The widely publicised webinar on ‘Africa: The Next Digital Frontier’, second in the series, organised by Rack Centre, West Africa’s largest Carrier Neutral Tier III Data Centre, in collaboration with the leading professional services firm PwC (Nigeria), took place on Thursday September 16, 2021 with speakers and participants suggesting ways Africa can leverage the digital revolution to boost the continent’s economic development/growth.
With a focus on Digital Infrastructure as a Key enabler for growth, Dr Ayotunde (Tunde) Coker, the chief executive officer of Rack Centre, in his opening remarks, emphasised the urgent need to close the prosperity gap in Africa.
This, Dr Coker said, can be achieved by investments and not aids. He cited an example of the growth in mobile telephony, which “has shown that if we get the business model right, this growth can be significant”.
He also said that with much progress in the under-sea cable and the development of fibre and broadband connectivity, these developments give huge opportunities for infrastructure growth on the continent.
Andile Ngcaba, the controlling shareholder and non-executive chairman & Founding Partner of Convergence Partners, globally respected investment management firm focused on Technology, Media & the Telecoms sector, delivered the keynote.
According to him, the webinar could not have come at a better time, stressing that the liberation of the telecom in Africa has been significant.
Ngcaba, however, aligns with the school of thought that Africa now needs investments in hyperscale Infrastructure.
“Since Africa 4.0 will be led by hyperscale Infrastructure, we need to build mega data centres in all parts of Africa. Hundreds of billion dollars are needed to close the gap.
“We need direct foreign investment; we need men & women to build the edge network”.
While commended the African Continental Free Trade Area (AfCFTA), the keynote speaker expressed confidence that this generation will deliver.
“Investment, investment and investment is what we need to build digital Infrastructure-in all spheres of development in Africa,” Ngcaba said.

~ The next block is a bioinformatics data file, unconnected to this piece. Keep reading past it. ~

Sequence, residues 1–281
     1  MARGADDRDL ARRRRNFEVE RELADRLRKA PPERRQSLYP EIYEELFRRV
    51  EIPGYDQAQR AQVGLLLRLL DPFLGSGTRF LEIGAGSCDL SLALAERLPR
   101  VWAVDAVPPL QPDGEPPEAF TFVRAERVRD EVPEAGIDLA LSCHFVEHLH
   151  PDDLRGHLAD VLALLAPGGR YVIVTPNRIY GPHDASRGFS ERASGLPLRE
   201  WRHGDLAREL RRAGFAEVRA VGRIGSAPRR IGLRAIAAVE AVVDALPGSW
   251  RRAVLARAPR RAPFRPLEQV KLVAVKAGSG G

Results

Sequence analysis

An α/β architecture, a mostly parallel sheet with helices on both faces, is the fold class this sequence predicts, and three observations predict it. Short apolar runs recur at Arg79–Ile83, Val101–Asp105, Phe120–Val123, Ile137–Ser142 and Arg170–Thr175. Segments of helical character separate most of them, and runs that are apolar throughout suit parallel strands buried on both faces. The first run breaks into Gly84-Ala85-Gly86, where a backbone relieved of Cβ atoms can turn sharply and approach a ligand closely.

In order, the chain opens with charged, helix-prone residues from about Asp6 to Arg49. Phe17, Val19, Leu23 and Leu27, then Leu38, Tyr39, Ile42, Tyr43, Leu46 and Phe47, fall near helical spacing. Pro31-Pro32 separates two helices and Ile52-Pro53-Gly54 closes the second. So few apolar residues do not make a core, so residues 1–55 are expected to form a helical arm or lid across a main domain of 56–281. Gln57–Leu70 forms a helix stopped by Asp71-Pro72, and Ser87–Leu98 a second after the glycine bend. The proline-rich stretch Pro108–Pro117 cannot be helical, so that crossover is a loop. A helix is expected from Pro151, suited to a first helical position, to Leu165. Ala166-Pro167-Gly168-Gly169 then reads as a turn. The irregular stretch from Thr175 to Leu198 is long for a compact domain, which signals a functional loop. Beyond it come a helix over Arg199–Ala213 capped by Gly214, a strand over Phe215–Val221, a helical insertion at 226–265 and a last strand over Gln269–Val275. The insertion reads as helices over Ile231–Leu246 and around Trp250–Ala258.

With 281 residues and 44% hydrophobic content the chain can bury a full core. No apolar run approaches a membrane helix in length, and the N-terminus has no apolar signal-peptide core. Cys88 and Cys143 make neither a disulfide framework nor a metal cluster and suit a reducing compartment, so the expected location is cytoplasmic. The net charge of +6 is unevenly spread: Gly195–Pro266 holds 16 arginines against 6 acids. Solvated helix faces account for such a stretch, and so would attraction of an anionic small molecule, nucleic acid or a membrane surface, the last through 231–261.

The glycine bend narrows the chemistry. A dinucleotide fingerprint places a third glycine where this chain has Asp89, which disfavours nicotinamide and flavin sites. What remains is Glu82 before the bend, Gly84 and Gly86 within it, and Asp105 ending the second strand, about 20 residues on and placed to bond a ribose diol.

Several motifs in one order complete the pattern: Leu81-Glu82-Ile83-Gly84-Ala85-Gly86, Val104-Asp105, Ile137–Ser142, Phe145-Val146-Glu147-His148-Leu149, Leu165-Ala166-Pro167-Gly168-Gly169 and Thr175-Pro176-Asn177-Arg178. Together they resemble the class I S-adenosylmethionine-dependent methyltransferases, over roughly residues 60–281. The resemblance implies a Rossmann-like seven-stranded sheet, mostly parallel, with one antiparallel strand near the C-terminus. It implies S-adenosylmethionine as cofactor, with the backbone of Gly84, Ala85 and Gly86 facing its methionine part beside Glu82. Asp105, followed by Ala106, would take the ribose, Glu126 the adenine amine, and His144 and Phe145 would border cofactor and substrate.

Digital Infrastructure, Ngcaba added, goes beyond telecommunications, and industry players need to utilise the youth that Africa is blessed with as they will build the 4.0 digital Infrastructure.
Femi Osinubi, partner and West Africa Technology Leader for PwC Nigeria, emphasised that ‘digital’ is needed to mitigate today’s challenges.
Fortunately, as he identified, digitalisation has come of age, especially with the automation of devices, “and we keep moving from digital points to another. What we need in Africa is Infrastructure to drive the revolution.
Osinubi said the digital drives in Africa are not without challenges.
“There is insufficient power in Africa – low broadband penetration, insufficient data centres, last mile connectivity issues, and uneven Infrastructure in the rural and the urban areas. And increase in cyber risks.
“And we need reliable data centres to drive digitalisation. So we need to invest in our networks and make them accessible and invest in power to make them readily available and increase the number of the data centres”, Osinubi reiterated.
To Norman Albi, the CEO of AFR-IX Telecom, a global internet service provider, the growth of countries is today driven more by the private sector than the government.
Nevertheless, the government needs to set up clear rules and an enabling environment.
Albi said, “There is a need for massive growth and investment in digital Infrastructure. There is a need to remove entry barriers- the government needs to enable clear rules and an environment to develop skill sets.